How Romanian thief, 60, almost got away with £4.2m diamond heist
28th July 2021

How Romanian thief, 60, almost got away with £4.2m Ocean’s Eleven-style diamond heist from London society jeweller Boodles using sleight of hand to swap them for PEBBLES as she is found guilty despite pointing finger of blame at her dead lookalike sister

  • Boodles was the subject of an extravagant heist in 2016 by a gang of thieves who nabbed seven diamonds
  • Rocks worth £4.2million were stolen on the morning of March 10 by a cunning ‘jewel inspector’ called Anna 
  • Lulu Lakatos insisted the buxom woman in a low cut top who swapped diamonds for rocks was sister Liliana
  • Both siblings, from Romania but living in France, had convictions for thefts before Liliana died in a car crash 
  • Boodles only realised diamonds were gone after gang had fled country via Channel Tunnel within three hours 

The buxom and ‘most unattractive’ Romanian thief convicted of the biggest jewellery shop heist in British history left the UK for France via the Channel Tunnel within three hours after dumping her glamourous granny disguise in a Wetherspoons toilet and then blamed a lookalike sister who had been killed in a car crash for nabbing £4.2million of diamonds.

Lulu Lakatos faces five-and-a-half years in a British jail after she was convicted of being a fake gemmologist known as Anna who pulled off the audacious theft right under the nose of the boss of Boodles of New Bond Street.

But Lukatos almost got away with the ‘perfect crime’ after distracting witnesses with her ample cleavage, an outrageous and expensive low-cut black dress, heavy make-up, thick-rimmed glasses and large hat – a world away from the dowdy and ‘plump’ grey-haired thief in the dock at Southwark Crown Court over the past month. 

In a plot resembling the Ocean’s 8 movie starring Anne Hathaway, the conwoman even fooled Boodles chairman Nicholas Wainwright by posing as a gemmologist hired by wealthy Russian businessmen seeking to purchase the precious stones from its flagship Mayfair store.

But unlike the glamorous gem thieves in the hit Hollywood movie, Lakatos resembled a plump ‘Russian dancer’ in a low-cut dress, flashing her ample cleavage to distract staff, witnesses said.

Gemmologist Emma Barton and Mr Wainwright were both hoodwinked after he agreed to sell the precious stones to a gang posing as Moscow millionaires with links to Israel. In fact Lakatos was part of a gang of grifters who had been travelling Europe trying to rip of banks and jewellers with her amazing sleight of hand.

The chairman, whose family have run the luxury jewellers for six generations, agreed to let a diamond expert known as Anna visit the basement of his flagship Mayfair store to inspect the gems when she swapped them for worthless pebbles without anyone noticing on March 10, 2016.

Sources with knowledge of the crime, and subsequent investigation, said after her arrest they believe it was actually inspired by a 2014 Channel 4 fly-on-the-wall documentary called The Million Pound Necklace: Inside Boodles, which offered a ‘privileged peek’ behind the scenes of the family-owned firm. 

And as for the society jeweller, they have recovered a small amount of funds via proceeds of crime proceedings, but remain millions out of pocket if the gems weren’t fully insured.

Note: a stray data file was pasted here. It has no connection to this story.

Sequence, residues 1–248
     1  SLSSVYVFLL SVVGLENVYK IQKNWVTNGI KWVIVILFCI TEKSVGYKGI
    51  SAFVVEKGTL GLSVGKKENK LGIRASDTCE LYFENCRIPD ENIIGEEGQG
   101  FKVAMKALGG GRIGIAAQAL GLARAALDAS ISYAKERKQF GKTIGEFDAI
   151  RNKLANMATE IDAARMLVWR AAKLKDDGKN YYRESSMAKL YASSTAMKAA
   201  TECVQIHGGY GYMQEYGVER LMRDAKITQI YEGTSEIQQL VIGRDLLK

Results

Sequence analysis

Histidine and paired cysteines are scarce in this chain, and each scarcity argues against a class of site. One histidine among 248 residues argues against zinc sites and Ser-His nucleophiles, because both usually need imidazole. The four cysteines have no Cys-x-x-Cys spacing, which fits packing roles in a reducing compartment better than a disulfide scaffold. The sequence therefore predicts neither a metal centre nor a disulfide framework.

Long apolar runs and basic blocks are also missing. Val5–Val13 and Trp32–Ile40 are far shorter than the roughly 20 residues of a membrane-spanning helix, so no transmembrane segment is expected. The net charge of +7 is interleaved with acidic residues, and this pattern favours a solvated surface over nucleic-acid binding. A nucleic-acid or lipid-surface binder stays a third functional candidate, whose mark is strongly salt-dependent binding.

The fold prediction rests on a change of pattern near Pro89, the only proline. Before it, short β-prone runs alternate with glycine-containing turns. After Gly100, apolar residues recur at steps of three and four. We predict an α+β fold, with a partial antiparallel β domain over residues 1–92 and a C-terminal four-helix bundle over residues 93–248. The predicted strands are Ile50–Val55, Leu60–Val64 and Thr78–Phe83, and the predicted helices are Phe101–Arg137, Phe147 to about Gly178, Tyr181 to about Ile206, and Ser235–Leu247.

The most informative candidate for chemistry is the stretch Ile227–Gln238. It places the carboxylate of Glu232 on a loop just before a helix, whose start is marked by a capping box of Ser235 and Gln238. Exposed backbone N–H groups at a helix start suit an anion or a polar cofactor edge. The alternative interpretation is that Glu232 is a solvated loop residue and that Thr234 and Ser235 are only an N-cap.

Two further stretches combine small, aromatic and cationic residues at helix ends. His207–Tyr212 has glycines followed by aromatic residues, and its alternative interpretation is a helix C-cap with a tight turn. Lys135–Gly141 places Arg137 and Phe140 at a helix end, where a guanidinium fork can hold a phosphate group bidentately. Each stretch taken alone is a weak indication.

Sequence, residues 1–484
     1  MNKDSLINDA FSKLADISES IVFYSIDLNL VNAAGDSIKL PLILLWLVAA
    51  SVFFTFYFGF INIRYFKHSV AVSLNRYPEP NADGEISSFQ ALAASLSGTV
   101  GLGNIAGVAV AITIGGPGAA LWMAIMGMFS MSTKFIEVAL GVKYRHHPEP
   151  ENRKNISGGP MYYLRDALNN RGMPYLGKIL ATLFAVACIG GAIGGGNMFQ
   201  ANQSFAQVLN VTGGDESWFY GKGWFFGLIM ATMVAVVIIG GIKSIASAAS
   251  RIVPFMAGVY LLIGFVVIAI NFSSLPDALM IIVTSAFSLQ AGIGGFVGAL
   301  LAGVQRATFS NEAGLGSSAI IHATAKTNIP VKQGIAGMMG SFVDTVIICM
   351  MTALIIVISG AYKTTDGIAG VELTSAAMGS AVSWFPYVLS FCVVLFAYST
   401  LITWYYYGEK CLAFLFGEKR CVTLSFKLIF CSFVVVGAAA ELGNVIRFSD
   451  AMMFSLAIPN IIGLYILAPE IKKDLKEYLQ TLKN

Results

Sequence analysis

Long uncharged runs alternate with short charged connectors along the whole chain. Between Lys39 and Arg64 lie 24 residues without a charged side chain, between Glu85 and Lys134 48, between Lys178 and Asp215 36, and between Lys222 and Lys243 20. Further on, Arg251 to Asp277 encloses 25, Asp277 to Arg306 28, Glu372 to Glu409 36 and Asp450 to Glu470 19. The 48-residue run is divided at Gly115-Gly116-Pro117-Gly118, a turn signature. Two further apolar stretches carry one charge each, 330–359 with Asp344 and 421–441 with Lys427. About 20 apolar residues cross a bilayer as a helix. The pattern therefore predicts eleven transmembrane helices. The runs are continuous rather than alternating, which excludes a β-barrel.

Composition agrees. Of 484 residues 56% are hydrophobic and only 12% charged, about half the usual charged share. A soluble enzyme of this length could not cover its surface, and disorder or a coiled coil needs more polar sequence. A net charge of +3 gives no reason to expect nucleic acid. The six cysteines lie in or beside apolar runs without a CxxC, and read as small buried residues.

The intrinsic plan, most of which took place in London, began in Monaco before a heist that saw the protagonists 

Defendant Lulu Lakatos, 60, claimed her sister Liliana was responsible for the heist before being killed in a car crash

Lakatos outside Boodles on the day of the heist where she switched the padlocked bag with a duplicate one already stored within her handbag containing seven pebbles of the same weight as the diamonds

She stayed in Cricklewood before the theft, and then fled the country having dumped her disguise in a Victoria JD Wetherspoon pub toilet

March 2, 2016  

Nick Wainwright was contacted out of the blue by the aforementioned ‘Simon Glas’, who according to court papers claimed to be ‘the business associate of someone [he] knew’.

‘Glas’ said he was interested in purchasing high-value diamonds as an investment, and over the ensuing days managed to convince Mr Wainwright to travel to Monaco for a face-to-face meeting with a group of investors. He met three men, including the aforementioned Alexander, who ‘was posing as the prime mover’.

A deal was then struck whereby the group would buy seven specific diamonds. However, to verify that they were the specified size and quality, the Russians asked for their gemmologist to be allowed to inspect the stones at the Boodles HQ on New Bond Street.

March 7

Gang member called Christophe Stankovic — who like most of his accomplices is a French national of Albanian heritage — rented a Citroen DS4 hatchback at Charles De Gaulle airport outside Paris.

March 9 

Two days later, he and Jovanovic drove to the UK via the Channel Tunnel, entering Kent at 1.15pm. They then checked into the Best Western Hotel in Ilford, Essex, with two female accomplices.

At 8.15pm, ‘Anna’ left her friend behind and walked to a local cafe, where she was met by Stankovic and Jovanovic. The trio drove in the Citroen to New Bond Street in Central London, where they carried out surveillance on the Boodles store and its surroundings.

March 10

The day of the heist — the four gang members who had stayed in Ilford checked out of the hotel and took a minicab to Bond Street, where they arrived around 9.30am.

‘Anna’ and her female accomplice, for their part, got a cab to the Willow Walk pub, a branch of Wetherspoons near to Victoria Station, where the accomplice waited with their suitcases. Fast forward an hour, and ‘Anna’ was met at Boodles by Mr Wainwright and a gemmologist called Emma Barton.

She wore a dark coat, silk scarf and designer hat, and spoke with a thick French accent. Her name, she said, was ‘Anna’, and she was a gem expert hoping to inspect seven large diamonds on behalf of a wealthy Russian who’d agreed to buy them for £4.2 million.